Broad Area Colloquium For AI-Geometry-Graphics-Robotics-Vision


Next Frontier in Graphics: Unleashing the Computer's Potential for Communication

David Salesin
University of Washington and Microsoft Research

Monday, February 3, 2003, 4:15PM
TCSeq 201
http://robotics.stanford.edu/ba-colloquium/

Abstract

In this talk, David Salesin claims that the real market for computers lies in their vast potential as a communications medium. Already, millions of PowerPoint presentations are made each day, hundreds of thousands of documents are archived online, and billions of Web pages are searched. Yet, so far, computers are used largely just to emulate the appearance of existing, physical media, such as slide transparencies or 8"x11" sheets of paper. Drawing upon examples that range from computer-generated illustration and virtual cinematography to adaptive document layout and animated presentations, Salesin discusses some of the research challenges he sees in harnessing the power of the computer to create more powerful communications media than exist today.

About the Speaker

David Salesin is a Professor in the Department of Computer Science & Engineering at the University of Washington, where he has been on the faculty since 1992, and a Senior Researcher at Microsoft Research, where he has also worked since 1999. He received his ScB from Brown University in 1983, and his PhD from Stanford University in 1991. From 1983-87, he worked at Lucasfilm and Pixar, where he contributed computer animation for the Academy Award-winning short film, Tin Toy, and the feature-length film, Young Sherlock Holmes. During his years at Stanford, he also worked as an intern at the DEC Systems Research Center and Paris Research Lab. He spent the 1991-92 year as a Visiting Assistant Professor in the Program of Computer Graphics at Cornell University. In 1996, he co-founded two companies, where he served as Chief Scientist: Inklination and Numinous Technologies (acquired by Microsoft in 1999). Salesin received an NSF Young Investigator award in 1993; an ONR Young Investigator Award, Alfred P. Sloan Research Fellowship, and an NSF Presidential Faculty Fellow Award in 1995; the University of Washington Award for Outstanding Faculty Achievement in the College of Engineering in 1996; the University of Washington Distinguished Teaching Award in 1997; The Carnegie Foundation for the Advancement of Teaching and the Council for the Advancement and Support of Education Washington Professor of the Year Award in 1998; the ACM SIGGRAPH Computer Graphics Achievement Award in 2000; and he became an ACM Fellow in 2002. Salesin's research interests are in computer graphics, and include, in particular, non-photorealistic rendering, image-based rendering, and various topics in 2D graphics like color reproduction, digital typography, and compositing. His outside interests include Aikido, photography, printmaking, piano, saxophone, flying, traveling, cooking, old films, backpacking, skiing, mountain biking, and chocolate.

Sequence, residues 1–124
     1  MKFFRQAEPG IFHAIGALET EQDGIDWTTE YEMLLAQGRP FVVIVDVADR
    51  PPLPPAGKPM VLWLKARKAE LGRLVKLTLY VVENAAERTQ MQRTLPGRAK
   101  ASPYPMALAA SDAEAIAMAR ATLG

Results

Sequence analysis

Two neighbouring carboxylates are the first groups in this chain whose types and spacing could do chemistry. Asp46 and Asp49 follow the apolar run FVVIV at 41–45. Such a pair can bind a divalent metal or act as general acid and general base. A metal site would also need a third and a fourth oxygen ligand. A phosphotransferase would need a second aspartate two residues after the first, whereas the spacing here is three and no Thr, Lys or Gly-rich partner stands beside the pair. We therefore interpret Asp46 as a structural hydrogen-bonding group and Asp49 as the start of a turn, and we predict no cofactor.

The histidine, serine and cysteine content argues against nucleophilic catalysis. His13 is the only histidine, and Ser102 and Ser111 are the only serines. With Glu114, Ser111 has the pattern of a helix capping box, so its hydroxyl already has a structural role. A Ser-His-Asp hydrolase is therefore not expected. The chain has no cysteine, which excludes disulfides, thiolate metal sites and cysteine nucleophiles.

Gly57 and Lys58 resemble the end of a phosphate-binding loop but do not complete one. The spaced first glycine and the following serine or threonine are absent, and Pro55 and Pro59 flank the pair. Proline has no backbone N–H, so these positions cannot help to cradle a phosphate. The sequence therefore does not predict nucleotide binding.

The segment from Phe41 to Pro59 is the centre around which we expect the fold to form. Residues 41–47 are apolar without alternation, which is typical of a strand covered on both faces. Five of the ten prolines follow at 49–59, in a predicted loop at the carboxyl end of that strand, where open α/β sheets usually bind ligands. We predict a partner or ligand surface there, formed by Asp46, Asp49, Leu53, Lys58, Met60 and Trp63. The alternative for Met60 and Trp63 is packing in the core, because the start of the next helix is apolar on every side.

Contact: bac-coordinators@cs.stanford.edu

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